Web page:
Reflections on a workshop

At the start of last week, I ran an API Workshop for Brighton Java. It was a fun event, and people enjoyed it. But nothing is ever perfect, and I wanted to note some potential improvements.

The workshop had been designed as being freeform. As outlined in the previous post, I wanted to provide people a space where they could play with ideas. Everyone made some progress towards an idea, but future sessions could be much more engaging. The main changes to make are:

  • There need to be a series of wins at different levels. The first stage would be getting the basic example working, then perhaps amending that, and then converting the code for new functionality. Obviously, not all attendees will manage all of this, but everyone should come out of the workshop having achieved something.
  • While I had provided a working example and asked people to bring along a laptop and IDE, not everyone found it straightforward to get this example working . Java is never going to achiece the ‘write once, run everywhere‘ nirvana that Sun promised. Some people didn’t have a compatible JDK on their machine; others were more comfortable with Android and wanted to convert the example. One possibility is using VMs as a fallback, but that brings its own issues.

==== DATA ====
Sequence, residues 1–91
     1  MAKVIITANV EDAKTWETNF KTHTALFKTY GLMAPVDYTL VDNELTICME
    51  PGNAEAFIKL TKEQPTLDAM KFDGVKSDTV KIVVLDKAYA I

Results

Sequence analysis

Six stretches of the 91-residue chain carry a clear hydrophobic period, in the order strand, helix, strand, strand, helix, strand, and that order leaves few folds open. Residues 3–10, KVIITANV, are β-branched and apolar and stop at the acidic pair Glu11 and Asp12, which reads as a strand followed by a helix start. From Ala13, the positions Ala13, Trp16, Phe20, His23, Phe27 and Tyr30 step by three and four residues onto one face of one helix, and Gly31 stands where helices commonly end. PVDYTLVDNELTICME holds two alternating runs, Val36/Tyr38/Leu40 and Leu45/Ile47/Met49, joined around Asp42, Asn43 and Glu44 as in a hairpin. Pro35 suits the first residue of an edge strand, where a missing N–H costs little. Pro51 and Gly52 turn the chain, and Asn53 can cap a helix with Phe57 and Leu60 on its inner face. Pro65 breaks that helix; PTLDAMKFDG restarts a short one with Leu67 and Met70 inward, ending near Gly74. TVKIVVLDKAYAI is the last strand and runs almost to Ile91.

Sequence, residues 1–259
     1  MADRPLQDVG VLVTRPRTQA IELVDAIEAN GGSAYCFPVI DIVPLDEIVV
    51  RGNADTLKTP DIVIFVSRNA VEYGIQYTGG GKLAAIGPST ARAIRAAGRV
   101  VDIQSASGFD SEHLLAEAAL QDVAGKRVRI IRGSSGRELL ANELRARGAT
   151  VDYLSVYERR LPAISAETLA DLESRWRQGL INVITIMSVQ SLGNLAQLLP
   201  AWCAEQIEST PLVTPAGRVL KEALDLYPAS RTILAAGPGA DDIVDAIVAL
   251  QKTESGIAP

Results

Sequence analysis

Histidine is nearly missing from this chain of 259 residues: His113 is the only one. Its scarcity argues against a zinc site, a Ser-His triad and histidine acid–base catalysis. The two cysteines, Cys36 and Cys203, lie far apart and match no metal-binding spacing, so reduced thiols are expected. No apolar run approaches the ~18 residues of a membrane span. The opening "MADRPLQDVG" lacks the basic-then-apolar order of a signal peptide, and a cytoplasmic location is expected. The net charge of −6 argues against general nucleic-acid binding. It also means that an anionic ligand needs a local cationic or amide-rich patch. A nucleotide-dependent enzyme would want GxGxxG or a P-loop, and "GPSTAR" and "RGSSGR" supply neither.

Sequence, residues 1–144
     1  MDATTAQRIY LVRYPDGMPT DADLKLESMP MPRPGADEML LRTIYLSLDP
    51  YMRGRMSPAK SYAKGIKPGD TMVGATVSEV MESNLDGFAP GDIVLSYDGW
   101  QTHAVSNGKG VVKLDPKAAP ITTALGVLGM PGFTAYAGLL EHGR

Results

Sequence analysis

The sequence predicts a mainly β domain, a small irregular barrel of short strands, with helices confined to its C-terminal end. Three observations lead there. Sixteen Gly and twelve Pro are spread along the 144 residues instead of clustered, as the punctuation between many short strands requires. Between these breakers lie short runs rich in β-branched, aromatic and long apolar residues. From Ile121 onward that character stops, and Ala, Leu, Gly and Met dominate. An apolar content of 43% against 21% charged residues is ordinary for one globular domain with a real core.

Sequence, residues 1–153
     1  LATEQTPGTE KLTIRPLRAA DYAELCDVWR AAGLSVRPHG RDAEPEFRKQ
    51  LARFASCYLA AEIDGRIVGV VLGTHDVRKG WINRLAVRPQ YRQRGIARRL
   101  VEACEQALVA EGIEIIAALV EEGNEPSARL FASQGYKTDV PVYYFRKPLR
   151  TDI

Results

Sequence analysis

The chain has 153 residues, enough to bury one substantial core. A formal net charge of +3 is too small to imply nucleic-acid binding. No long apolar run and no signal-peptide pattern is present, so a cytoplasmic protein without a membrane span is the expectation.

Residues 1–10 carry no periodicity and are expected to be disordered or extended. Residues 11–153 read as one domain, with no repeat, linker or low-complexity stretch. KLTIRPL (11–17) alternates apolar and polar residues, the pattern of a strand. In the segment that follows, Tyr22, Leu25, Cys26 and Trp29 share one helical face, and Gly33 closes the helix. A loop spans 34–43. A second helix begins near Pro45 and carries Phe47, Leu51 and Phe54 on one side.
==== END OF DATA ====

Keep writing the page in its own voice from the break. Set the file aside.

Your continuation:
• A workshop that was already potentially complicated had the additional challenge of picking an idea to work on. I should have prepared a set of possible examples, which people be inspired by, or even reproduce.

Running an effective workshop in a couple of hours is challenging, which is why good faciliators are in-demand and highly paid (and why it takes years of training to become a teacher). But I’m very excited about what I could achieve with some more preparation on the points above. It’s definitely a session I’d like to run again.